From A Death in the Rainforest: How a Language and a Way of Life Came to an End in Papua New Guinea, by Don Kulick (Algonquin Books, 2019), Kindle pp. 36-38:
The first casualty of the villagers’ increased acquisition of Tok Pisin was their competence in other local languages. Before the arrival of Tok Pisin, Gapuners were a highly multilingual people. No one in the surrounding villages bothered to learn their little language—a situation that suited Gapuners just fine since it meant that they could employ Tayap as a secret code that nobody else understood.
To communicate with people from other villages, men and women in Gapun learned the local vernacular languages that those people spoke. During my first long stay in the village in the 1980s, I listened to old people who had grown up before the Second World War confidently speaking two other local languages that were unrelated to Tayap or to each other, and I also heard those old people responding to one or two other languages, which they clearly understood even if they couldn’t speak them.
In the generation born after the war, when Tok Pisin “came up big,” competence in other village vernaculars plummeted. People no longer needed to learn local languages because, at that point, it was easier to communicate in Tok Pisin. Women lagged behind men, and they continued to learn other vernacular languages for another generation, largely because women in the area generally still did not speak Tok Pisin as easily as men did. By the 1970s, though, even Gapun women’s active competence in other vernaculars was eclipsed by Tok Pisin.
Once women started speaking Tok Pisin, they started directing it at their young children. This in itself didn’t necessarily mean very much. Unlike middle-class parents in places like northern Europe and the United States, adults in Gapun don’t spend a lot of time talking to small children. They don’t use language to try to teach their kids anything since they don’t believe that toddlers learn by being taught. And to try to converse with a baby is nonsensical since a baby can’t hold up its end of the conversation and talk back.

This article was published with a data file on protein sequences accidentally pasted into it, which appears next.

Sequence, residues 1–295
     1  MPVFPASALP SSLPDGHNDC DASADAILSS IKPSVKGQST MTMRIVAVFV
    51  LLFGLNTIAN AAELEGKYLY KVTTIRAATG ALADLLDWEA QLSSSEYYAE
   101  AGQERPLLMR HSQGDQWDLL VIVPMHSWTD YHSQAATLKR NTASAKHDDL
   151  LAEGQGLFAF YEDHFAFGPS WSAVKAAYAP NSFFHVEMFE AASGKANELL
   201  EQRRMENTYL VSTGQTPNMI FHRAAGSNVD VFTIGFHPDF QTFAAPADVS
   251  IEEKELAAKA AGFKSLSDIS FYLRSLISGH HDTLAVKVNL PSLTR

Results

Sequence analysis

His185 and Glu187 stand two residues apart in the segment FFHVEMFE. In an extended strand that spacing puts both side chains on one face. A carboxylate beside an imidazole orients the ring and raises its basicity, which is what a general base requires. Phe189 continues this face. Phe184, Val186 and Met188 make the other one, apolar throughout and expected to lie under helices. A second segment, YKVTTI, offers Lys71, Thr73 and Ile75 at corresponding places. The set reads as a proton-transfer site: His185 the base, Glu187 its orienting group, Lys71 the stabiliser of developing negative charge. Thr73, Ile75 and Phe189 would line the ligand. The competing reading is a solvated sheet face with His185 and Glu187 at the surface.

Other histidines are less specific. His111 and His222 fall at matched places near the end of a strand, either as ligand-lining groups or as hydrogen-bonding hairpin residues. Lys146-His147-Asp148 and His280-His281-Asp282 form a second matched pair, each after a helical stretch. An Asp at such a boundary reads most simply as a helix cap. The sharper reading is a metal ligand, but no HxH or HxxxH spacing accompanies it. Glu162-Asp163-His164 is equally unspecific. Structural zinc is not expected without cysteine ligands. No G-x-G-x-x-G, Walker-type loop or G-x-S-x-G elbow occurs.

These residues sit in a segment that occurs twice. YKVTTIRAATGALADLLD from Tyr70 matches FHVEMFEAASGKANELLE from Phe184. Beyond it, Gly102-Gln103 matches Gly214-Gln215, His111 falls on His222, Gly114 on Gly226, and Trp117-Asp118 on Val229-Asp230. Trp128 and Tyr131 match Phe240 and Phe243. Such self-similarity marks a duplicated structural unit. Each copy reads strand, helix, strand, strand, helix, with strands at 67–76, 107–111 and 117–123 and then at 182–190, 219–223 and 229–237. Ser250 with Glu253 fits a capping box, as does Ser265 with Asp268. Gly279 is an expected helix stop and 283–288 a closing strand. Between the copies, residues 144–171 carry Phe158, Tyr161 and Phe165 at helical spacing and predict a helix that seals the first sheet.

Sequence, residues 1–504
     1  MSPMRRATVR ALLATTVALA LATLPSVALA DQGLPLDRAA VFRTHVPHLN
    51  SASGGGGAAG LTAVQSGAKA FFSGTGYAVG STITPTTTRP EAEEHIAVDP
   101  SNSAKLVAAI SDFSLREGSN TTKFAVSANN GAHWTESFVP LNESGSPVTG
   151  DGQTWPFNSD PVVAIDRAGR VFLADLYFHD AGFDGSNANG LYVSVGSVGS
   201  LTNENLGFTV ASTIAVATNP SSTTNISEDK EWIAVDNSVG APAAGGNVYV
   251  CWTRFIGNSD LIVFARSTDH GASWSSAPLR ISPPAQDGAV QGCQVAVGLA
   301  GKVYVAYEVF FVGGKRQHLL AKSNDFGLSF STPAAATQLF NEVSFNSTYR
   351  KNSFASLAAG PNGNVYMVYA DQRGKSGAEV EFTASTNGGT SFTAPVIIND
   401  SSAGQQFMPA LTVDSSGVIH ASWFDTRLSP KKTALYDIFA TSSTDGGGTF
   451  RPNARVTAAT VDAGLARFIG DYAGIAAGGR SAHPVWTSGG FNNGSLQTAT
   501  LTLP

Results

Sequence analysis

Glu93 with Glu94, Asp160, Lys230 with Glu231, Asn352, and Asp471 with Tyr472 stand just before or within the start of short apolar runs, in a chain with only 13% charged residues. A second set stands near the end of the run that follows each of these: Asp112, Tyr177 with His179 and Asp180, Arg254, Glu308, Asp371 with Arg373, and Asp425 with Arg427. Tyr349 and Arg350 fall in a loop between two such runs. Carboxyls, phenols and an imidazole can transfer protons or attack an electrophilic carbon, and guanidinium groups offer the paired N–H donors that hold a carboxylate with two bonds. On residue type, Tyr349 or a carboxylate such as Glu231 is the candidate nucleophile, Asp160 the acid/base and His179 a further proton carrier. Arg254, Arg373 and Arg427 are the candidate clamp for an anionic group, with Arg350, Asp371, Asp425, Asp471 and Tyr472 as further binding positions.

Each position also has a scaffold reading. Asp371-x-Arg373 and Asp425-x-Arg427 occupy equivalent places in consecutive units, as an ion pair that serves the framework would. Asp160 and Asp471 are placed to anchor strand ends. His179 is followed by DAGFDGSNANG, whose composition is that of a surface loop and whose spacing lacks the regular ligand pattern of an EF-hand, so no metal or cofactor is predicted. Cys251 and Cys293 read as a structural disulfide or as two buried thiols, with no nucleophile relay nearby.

But when children, especially girls, start to get pressed into service to help mothers care for a new baby, mothers begin to give the kids orders. And those orders—to fetch firewood, to hand the baby whatever it is crying for, to climb up a tree to get betel nut—increasingly got formulated in Tok Pisin. Women started doing to their small children what men had been doing to boys and young men (and their wives) for decades—ordering them about in Tok Pisin. And indeed, the men who ordered their sons, nephews, and wives around in Tok Pisin learned the language themselves in situations where they had been ordered around in Tok Pisin by white overseers.
In language death, ontogeny recapitulates phylogeny. . . .
This, then, is how a language dies: in Gapun, Tok Pisin was incorporated into the villagers’ linguistic repertoire first at the expense of other village vernaculars, and, ultimately, at the expense of their own vernacular. There has been a steady reduction in the number of languages that villagers command, to the point where their impressive multilingualism has in the course of four generations been reduced to monolingualism. A people who used to command many languages now increasingly command only one. And that one is not their ancestral language, Tayap. It is, instead, Tok Pisin.